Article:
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Designing Reports with Custom MDX Queries – part 3

Start at part 1

…continued from part 2:

Handling Parameters

When an MDX query is created using the graphic query designer, parameters can be added automatically along with the datasets needed to drive the parameter list values. In our case, when writing the query manually, it’s necessary to do this work yourself. One convenient option is to use the graphical query designer to build the field metadata and the parameter lists and then modify the query script using manual techniques. This will work as long as the field order, names and hierarchies don’t get changed.

In our case, we will add and setup the parameters manually. Let’s go back to the last version of the query and look for opportunities to extend the capability of the query and report with some parameters. The query has three values hard-coded into the logic. We can make this query much more flexible by making the following changes:

  • Alias the Internet Sales Amount as an aliased member named Selected Measure. The ability to change out the measure at will by using this placeholder provides a great deal of flexibility. This means that one query could be used to measure practically anything in the database.
  • On the Rows axis, the first date for the range is hard-coded. It would be preferable to allow a report user to pass in any date of their choosing and then to decide how many dates will follow the first date member in the specified range.

Let’s implement these changes. Start by adding the following three parameters to the report. Just use the default for any other property values.

1. Add the following parameters to the report. In the Report Data pane, right-click the Parameters node and choose the menu option to add a parameter.

2. Enter the appropriate name and properties for each new parameter and then close and save the each parameter with the properties shown in the table.

You’ll open and close the Parameter Properties dialog for each of these parameters:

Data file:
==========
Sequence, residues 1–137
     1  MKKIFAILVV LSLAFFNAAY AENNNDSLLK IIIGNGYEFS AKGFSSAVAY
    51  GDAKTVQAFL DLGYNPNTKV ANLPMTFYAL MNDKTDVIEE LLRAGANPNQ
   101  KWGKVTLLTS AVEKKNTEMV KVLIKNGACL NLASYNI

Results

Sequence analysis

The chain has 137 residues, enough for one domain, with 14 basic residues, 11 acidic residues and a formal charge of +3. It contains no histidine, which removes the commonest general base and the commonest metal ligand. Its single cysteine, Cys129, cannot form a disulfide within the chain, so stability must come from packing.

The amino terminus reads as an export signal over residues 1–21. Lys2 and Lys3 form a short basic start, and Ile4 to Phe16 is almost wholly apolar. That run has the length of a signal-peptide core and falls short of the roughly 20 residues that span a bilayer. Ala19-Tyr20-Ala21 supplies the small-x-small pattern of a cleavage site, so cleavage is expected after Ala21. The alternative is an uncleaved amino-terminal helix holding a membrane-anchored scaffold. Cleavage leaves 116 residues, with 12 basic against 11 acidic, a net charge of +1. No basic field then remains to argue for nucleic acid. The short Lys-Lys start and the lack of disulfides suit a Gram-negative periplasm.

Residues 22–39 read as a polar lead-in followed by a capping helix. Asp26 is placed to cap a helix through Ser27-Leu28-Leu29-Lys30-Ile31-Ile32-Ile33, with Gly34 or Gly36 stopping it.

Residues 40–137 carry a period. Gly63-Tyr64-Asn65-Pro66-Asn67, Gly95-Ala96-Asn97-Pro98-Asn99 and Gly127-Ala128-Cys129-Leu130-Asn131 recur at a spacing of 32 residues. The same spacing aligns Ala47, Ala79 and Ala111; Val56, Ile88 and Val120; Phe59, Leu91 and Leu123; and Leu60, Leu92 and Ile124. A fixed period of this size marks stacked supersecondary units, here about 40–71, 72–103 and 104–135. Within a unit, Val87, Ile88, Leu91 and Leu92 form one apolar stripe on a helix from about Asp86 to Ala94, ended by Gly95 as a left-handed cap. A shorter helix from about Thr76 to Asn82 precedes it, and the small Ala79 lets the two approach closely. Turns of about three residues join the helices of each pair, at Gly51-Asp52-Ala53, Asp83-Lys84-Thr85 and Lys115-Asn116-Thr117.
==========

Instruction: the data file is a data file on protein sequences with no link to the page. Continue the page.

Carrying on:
Parameter Name Prompt Data Type Default Value  
MeasureName Measure Name Text Internet Sales Amount
LagMonths Lag Months Integer 12  
FirstDate First Date Date/Time 1/31/2003  

My example for the FirstDate parameter default value uses a US formatted date. If your machine is configured for a different locale, use a date format appropriate for your region.

Passing Parameters

Since we’re building the dataset query manually, the parameters will be referenced right in the query script and there is no need to map report parameters to query parameters like you normally would if you were using a common T-SQL or MDX query. There are a few different approaches used to customize a query using parameters. Under some conditions you can simply embed a query parameter reference, prefixed with the ‘@’ symbol, into the query script but the query parser is a bit restrictive about the components of a query that can be parameterized. If your mission is to use parameters more creatively than these restrictions will allow, you can use an expression to convert the entire query into a string value. In exchange for this effort, you will have a query that can be used to control aspects of the report that would otherwise require starting over with a different report design. The trick with the technique is to write a query first to return all of the members and measures. Executing this query builds the report’s field metadata. After that, you can use code and expressions to customize the query as long as it continues to return results consistent with the metadata schema (in other words, all of the fields are returned using the same field structure.)

Building a Dynamic Query

To serve our purposes, the entire query will be converted to a string using a Visual Basic.NET expression.

3. In the Report Data pane, double-click the name of the dataset.

4. In the Dataset Properties dialog, click the Expression Builder button next to the Query box.

The Expression Builder button has an “fx” on it, which stands for “Expression Builder”. No, really, I think it actually stands for “Functions and Expressions” or something like that. Anyway, click that button.

5. Modify the query expression so it becomes a series of concatenated strings. You can use the ampersand (&) to combine each literal string or expression.

Every element of the query is a literal string except for the parameter references. In the following example I’ve shortened some of the strings into separate lines so they fit on the printed page. You’re welcome to simply this if you chose to but you can copy it verbatim as a working starting point.

=”with member Measures.[Selected Measure] as “

& “[Measures].[Internet Sales Amount]“

& “member Measures.TrendValue as ([Measures].["

& Parameters!MeasureName.Value

& "] , ParallelPeriod([Date].[Calendar].[Month], “

& Parameters!LagMonths.Value & “, [Date].[Calendar].CurrentMember)) “

& “select “

& ” {[Measures].[Selected Measure], Measures.TrendValue} on columns “